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Should book titles be contained in an <em> tag? If not <em> is there more appropriate markup?

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8 Answers 8

up vote 17 down vote accepted

<em> is definitely wrong. In addition to the other suggestions given before me such as RDFa or a semantic class name, consider using <cite>

From the HTML 5 draft:

The cite element represents the title of a work (e.g. a book, a paper, an essay, a poem, a score, a song, a script, a film, a TV show, a game, a sculpture, a painting, a theatre production, a play, an opera, a musical, an exhibition, etc). This can be a work that is being quoted or referenced in detail (i.e. a citation), or it can just be a work that is mentioned in passing.

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I would use RDFa with any tag. The RDFa specificaton allow you to add some semantic in your HTML. for example your titles would be annotated with the Dublin-Core property dc:title.

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It really depends on the context.. They might even use <h1-6>-tags depending on how and where you display the book titles. If you display it in a list of books, you could use a definition list with the <dt> tag as the book title, and <dd> tag(s) for the author(s).

There is really no "semantically correct" tag for a book, but you can create a markup that is easy to read and makes sense.

<dl class="booklist">
    <dt class="book">Book title</dt>
    <dd class="author">The author</dd>

    <dt class="book">Awesomest markup Evah!</dt>
    <dd class="author">HTML Wiz Kid</dd>
    <dd class="author">Tagz are Me</dd>
</dl>
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Here is an example of a HTML5, semantically tagged website that I've been working on that uses the recently accepted Micro-formats as specified at http://schema.org along with the new more semantic tagging elements of HTML5.

http://blog-to-book.com/view/stuff/about/semantic%20web

Googles has a handy Semantic tagging test tool that will show you how it sees that page You'll have to google it i'm afriad as I am only permitted to post one link at my rep. :(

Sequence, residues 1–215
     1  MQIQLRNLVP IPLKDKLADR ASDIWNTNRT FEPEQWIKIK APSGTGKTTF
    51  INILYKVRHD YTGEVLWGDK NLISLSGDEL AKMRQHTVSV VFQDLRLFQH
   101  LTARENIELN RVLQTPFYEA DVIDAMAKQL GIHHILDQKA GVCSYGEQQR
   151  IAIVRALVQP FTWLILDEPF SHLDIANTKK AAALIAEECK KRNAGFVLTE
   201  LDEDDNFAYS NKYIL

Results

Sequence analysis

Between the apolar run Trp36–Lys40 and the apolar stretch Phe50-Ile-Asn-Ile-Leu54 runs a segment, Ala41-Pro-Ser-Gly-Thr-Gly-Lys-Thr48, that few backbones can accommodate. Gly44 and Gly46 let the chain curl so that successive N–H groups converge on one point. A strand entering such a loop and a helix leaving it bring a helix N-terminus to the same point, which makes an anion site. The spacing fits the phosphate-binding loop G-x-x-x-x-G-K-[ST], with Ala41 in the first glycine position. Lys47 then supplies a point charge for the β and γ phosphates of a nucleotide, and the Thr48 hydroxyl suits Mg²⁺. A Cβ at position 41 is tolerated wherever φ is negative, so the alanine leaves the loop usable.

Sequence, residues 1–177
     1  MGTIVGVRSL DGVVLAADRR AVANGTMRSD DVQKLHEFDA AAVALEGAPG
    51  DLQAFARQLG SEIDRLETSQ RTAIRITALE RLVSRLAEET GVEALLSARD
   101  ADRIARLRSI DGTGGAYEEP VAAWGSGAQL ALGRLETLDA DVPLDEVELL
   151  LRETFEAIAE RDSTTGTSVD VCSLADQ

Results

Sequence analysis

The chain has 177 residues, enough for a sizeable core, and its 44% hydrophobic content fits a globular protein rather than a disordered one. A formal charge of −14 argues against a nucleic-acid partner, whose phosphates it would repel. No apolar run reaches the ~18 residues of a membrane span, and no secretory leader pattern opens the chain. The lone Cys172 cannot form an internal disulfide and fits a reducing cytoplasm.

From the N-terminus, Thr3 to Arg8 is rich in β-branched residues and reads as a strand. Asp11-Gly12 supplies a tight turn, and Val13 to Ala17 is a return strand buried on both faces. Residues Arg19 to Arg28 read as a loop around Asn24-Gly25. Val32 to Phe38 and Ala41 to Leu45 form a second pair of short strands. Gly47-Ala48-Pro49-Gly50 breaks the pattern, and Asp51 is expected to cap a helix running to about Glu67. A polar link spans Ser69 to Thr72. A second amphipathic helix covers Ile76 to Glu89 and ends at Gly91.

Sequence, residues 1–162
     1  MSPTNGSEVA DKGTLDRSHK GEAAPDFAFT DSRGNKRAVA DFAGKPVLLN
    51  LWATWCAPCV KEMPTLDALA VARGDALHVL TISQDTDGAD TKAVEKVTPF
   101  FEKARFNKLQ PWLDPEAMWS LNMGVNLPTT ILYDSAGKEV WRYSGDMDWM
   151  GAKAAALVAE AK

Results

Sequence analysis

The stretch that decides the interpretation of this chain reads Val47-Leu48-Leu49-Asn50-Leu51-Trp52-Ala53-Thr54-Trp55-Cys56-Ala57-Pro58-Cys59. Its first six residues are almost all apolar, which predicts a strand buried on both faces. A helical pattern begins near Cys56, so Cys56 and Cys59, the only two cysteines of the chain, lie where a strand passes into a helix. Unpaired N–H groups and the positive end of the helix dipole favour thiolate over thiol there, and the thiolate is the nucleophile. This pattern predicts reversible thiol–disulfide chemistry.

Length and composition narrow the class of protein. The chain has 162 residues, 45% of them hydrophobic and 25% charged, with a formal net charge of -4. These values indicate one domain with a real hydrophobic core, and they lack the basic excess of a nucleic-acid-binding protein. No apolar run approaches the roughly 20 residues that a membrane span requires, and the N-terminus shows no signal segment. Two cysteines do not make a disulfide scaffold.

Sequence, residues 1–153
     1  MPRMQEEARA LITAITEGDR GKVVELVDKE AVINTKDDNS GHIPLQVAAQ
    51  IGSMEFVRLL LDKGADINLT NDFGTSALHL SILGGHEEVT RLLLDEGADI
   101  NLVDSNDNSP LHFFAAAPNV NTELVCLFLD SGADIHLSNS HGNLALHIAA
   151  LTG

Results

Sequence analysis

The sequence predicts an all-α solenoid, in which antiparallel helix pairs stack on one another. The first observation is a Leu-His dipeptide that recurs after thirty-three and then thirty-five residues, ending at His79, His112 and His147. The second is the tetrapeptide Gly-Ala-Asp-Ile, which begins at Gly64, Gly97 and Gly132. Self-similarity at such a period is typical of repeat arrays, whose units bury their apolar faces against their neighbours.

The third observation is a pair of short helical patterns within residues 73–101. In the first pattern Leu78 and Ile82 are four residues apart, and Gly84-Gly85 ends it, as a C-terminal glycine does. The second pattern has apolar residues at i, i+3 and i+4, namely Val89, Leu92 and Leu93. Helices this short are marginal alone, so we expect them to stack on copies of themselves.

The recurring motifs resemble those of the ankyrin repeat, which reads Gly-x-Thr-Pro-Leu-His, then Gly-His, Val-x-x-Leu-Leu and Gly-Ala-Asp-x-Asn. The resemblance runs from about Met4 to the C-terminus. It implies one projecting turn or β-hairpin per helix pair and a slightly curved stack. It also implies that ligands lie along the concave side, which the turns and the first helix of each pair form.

UPDATE: Here is the link http://www.google.com/webmasters/tools/richsnippets?url=http%3A%2F%2Fblog-to-book.com%2Fview%2Fstuff%2Fabout%2Fsemantic+web&view=

Hope this points you in some interesting directions. If you're after more detailed tagging, then the Good Relations Ontology is pretty much the most comprehensive I can think of right now.

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For something like a book title that conveys semantic information, the answer is no. You should do something like:

<span class="BookTitle">War and Peace</span>

and then use CSS to style BookTitle as you please.

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Doubt so. Semantically "em" means "emphasis" not "italics".

Well, HTML lacks a lot of things, so I'd either just use generic <span class="book-title">Foobar</span> or if I'll feel a crazy I'll just invent my own tag (who said I can't? it will validate perfectly with customized DTDs or I may use XSLT to transform the document).

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Concerning tags like <em> and <strong>, w3schools.com states that "They are not deprecated, but it is possible to achieve richer effect with CSS." So I would say that it is appropriate for a book title unless you prefer using CSS for all text formatting (as I do).

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Just because something isn't deprecated doesn't mean it should be used for every task. Certainly <em> and <strong> should not be used for text formatting - they are semantic elements. As usual, W3Schools is providing misleading information. –  Quentin Jun 11 '09 at 19:15
1  
<em> and <strong> are semantic tags, <i> and <b> are not –  PatrikAkerstrand Jun 11 '09 at 21:41

Grammar rules state that book titles (or the titles of other "long" works) should be italicized or underscored. Therefore, the tag is appropriate.

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7  
The em tag does not specify italic text or an underscore, but emphasis. Thus I don't think the tag is appropriate. –  Chuck Jun 11 '09 at 16:48
    
the default display for an EM tag is italicized text. The point of the grammar rule is that the title is emphasized (which traditionally is done via italics/underscoring), therefore, the tag is appropriate. Ultimately, I would build the tag like this: <em property="dc:title" class="LongWorkTitle">Star Wars</em> –  Stephen Wrighton Jun 11 '09 at 17:53
    
The cite element indicates a citation, and by default is rendered in italics. The convention for scientific Latin terms is to render them in italics. Therefore scientific Latin terms should be marked up with cite elements. Dogs have four legs. My cat has four legs. Therefore my cat is a dog. Your logic is flawed. –  Quentin Jun 11 '09 at 19:19
    
But the CITE element is for ANY title, not necessarily the title of a long work. Therefore, it places too much of an emphasis on some items. Scientific terms are to be rendered in italics to place an emphasis on them--and again, I'd use the EM for that. My logic is: Dogs have four legs, Cats have four legs, therefore both are 4-legged animals. And yes, the CITE element is probably a more appropriate tag than EM, but CITE is used about as much as BLINK. In a decade doing Dev Work, I've never used it, nor seen it used. –  Stephen Wrighton Jun 11 '09 at 19:48
1  
"The title should be emphasised" is a valid reason to use em. "The title should be rendered in italics" is not. The argument you make in your answer is the latter. (And I have used cite and seen it used by others). –  Quentin Jun 12 '09 at 8:12

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